Just looking at the fort from a short distance away when we zip lined, we were able to access viewpoints we would not otherwise get to see. The fort was beautiful and impressive and the ride was magical.

Nice ending to a terrible start.

We were leaving to our next destination Jaisalmer the next day with an early start in the morning. We asked our hostel to book us a rickshaw driver for 4am. For most of the night P continually worked herself up about walking these narrow alleyways in the dark with no human activity and the risk dangerous dog packs. She did this to the point she said would rather go home and in the end slept very little and when she did, she did so with some built up nervousness in the morning.

We won't create any false suspense. We were fine. One dog did bark alarmingly at Chris as he clutched a wooden stick, but the pack was nowhere to be seen and he was able to make the dog keep some distance. May or may not have been a good idea if this dog backed up with a pack.

Next - Desert: Round 2.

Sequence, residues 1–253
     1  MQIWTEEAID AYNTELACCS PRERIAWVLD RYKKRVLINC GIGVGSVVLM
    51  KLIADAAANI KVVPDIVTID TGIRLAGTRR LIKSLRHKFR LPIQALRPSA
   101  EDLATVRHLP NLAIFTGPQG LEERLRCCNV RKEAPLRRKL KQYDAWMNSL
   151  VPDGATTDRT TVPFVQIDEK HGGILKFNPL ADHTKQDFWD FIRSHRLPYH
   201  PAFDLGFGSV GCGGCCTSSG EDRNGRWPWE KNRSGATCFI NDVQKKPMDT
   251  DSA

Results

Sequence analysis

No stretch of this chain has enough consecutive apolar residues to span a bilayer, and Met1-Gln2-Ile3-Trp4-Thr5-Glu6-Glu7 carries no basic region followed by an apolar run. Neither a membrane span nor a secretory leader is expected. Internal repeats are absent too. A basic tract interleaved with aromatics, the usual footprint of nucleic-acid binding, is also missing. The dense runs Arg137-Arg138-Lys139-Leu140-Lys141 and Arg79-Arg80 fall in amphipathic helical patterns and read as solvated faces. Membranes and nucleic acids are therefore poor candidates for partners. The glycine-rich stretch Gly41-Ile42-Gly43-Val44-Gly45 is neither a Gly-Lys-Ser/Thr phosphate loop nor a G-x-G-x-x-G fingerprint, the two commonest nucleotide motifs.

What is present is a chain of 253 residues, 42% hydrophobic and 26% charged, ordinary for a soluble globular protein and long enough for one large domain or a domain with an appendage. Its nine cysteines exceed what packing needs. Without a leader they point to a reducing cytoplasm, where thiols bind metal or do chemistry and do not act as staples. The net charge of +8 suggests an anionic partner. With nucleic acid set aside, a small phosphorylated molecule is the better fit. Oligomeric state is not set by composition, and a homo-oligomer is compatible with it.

Accommodation: Kesar Heritage


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18th November 2015

Love your blog title!
Oh my gosh my heart was racing reading about the attack of the dogs. So glad the backpack helped save the day. I've experienced a dog bite (not in foreign country) and it is traumatic. Glad the soaring heights were so much better. I love the people watching especially for the roof tops. Happy travels.
18th November 2015

Rhyming title
Thank you. Yes I understand, I also felt traumatised even now fear runs through me when I think of that moment and I was not even bitten like you. It is safe to say I never went out after dark in India after that experience and was told a similar story in Goa. Dogs were very territorial and were known to sometimes attack any dog or human they did not know at night. The flight across the fort and even the fort itself made up for it though so I guess all was not lost. Just my sanity 😮